Del Norte County’s representative in the state assembly introduced a bill Monday that would change how nonprofit hospitals report the value of community benefits.
Community benefits include services a nonprofit hospital provides to vulnerable populations, charity care, its support of public health programs and donations of funds or resources that contribute to a community priority, according to a press release from Assemblyman Jim Wood’s office.
If approved, Assembly Bill 204 would establish a uniform set of standards for how nonprofit hospitals calculate and report the value of community benefits, according to the press release. This includes requiring systems with more than one hospital to report the information separately for each of its facilities, according to the release.
The bill would also prohibit a hospital from including certain costs such as fundraising and compliance expenses in the calculation of its community benefits costs. And it would grant regulators the ability to assess fines against hospitals failing to provide community benefit plans and reports, according to the press release.
Nonprofit hospitals have been required to develop community benefit plans since 1996, describing how they meet the needs of its community through the provision of community benefits, which gives a hospital certain tax advantages.
“Unfortunately, there is no standard method for calculating the actual value of community benefits or how hospitals report them to the state,” Wood said in a written statement. “And because there is no standard, it makes it difficult for communities to assess an accurate value of the community benefits provided in exchange for a nonprofit hospital’s tax-exempt status, and that’s a problem.”
If approved, AB 204 would require individual hospitals and hospitals within a larger system to provide information on what it’s doing to benefit the community it serves “using consistent and uniform measures to determine the value of those services.”
Dr. Greg Duncan, chairman of the Del Norte Healthcare District, said Wood’s legislation is important because of the patients’ concerns about the cost of treatment they receive at Sutter Coast Hospital. Duncan said he, Crescent City Mayor Blake Inscore and Del Norte County Supervisor Chris Howard met with Wood in September to discuss the issue of community benefits and tax-exempt status.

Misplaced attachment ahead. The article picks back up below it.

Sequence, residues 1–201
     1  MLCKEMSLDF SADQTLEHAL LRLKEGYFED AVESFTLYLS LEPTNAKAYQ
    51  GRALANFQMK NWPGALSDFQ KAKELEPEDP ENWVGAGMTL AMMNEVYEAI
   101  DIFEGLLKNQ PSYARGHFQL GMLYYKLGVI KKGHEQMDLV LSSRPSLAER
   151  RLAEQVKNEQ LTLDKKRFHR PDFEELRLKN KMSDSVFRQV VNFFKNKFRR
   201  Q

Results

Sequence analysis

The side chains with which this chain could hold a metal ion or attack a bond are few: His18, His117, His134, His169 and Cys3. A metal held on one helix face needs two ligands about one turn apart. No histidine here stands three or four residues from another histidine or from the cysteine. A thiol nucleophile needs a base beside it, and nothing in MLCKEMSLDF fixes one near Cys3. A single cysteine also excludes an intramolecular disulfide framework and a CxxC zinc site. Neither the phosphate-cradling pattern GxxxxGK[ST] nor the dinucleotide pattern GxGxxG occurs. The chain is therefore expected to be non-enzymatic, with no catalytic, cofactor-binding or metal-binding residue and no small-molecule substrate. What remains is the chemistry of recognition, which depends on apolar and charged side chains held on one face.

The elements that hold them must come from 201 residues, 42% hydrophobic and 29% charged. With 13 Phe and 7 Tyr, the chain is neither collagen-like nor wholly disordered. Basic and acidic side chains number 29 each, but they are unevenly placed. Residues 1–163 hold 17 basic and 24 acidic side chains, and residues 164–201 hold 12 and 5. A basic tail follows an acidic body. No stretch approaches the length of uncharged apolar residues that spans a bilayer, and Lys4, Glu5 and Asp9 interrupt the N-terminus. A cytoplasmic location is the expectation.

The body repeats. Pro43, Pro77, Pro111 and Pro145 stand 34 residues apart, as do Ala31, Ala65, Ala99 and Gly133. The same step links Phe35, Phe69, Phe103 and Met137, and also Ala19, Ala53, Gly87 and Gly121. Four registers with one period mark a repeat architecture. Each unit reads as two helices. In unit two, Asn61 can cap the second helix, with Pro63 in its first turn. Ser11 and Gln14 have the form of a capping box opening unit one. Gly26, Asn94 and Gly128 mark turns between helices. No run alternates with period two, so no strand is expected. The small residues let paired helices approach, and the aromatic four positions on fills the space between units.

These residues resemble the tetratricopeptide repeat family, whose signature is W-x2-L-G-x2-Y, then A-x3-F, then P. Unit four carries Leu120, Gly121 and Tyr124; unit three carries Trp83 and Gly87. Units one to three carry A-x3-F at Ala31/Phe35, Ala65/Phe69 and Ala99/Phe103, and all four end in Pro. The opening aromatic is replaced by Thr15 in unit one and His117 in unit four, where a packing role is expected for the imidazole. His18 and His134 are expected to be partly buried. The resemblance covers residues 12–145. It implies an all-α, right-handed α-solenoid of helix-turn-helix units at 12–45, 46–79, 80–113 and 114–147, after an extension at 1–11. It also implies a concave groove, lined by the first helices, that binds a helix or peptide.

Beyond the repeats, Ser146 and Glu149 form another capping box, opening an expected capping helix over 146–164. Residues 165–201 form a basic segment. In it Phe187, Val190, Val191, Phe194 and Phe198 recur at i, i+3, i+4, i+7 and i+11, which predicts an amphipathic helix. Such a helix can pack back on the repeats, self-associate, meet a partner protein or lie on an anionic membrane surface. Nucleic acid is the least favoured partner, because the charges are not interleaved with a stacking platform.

Community benefits is a topic that’s been “under the radar,” Duncan said, but it does factor into the tax-exempt status of Sutter Health.
“A Sutter representative told me they’re using usual and customary rates to report their unreimbursed cost of care,” Duncan said. “Usual and customary rates are far higher than the actual cost of care. The reporting technique inflates the cost of care. It’s important and it’s millions of dollars and Sutter uses those inflated figures to justify the tax exemption.”
According to Duncan, using those inflated figures, Sutter Health gained tax exemption benefits of $288 million, more than it provided in charity care to local taxpayers.
Duncan also noted the issue should be important to people even if they’re not treated at Sutter Coast since Medicare is factored into their health insurance premiums.
“It’s long overdue and I’m glad to see our assembly member is taking the lead,” Duncan said, adding that though the issue likely won’t be on the healthcare district’s agenda for its Tuesday meeting, it will be a topic the district will discuss. “We have three new members who may not be familiar with the background.”
Representatives with Sutter Health, which operates Sutter Coast Hospital, are still reviewing the details of AB 204, according to Amy Thoma Tan, director of public affairs and issues management.
“As part of our not-for-profit mission we are committed to investing in the communities we serve,” Tan told the Triplicate via email Wednesday. “Sutter Health’s total investment in community benefit in 2017 was $612 million. This amount includes traditional charity care and unreimbursed costs of providing care to MediCal patients, as well as investments in health education and public benefit programs such as community clinics and prenatal care for those who are low income.”
The California Hospital Association, which represents the interests of hospitals and health systems with the Legislature and state regulatory agencies, is also still reviewing AB 204, said Jan Emerson-Shea, the association’s vice president of external affairs. Though the association doesn’t yet have a position on the proposed legislation, Emerson-Shea said hospitals have had to file their community benefit plans with the Office of Statewide Health Planning and Development since the mid-1990s. Nonprofit hospitals also file detailed information with the Internal Revenue Service, Emerson-Shea said.
“Standardizing how that’s all reported is something generally we support,” she said, referring to AB 204. “We want to take a look at the fine details (of the proposed legislation) to understand what it all might mean, but we have publicly embraced the idea of public reporting on this for well over 20 years.”
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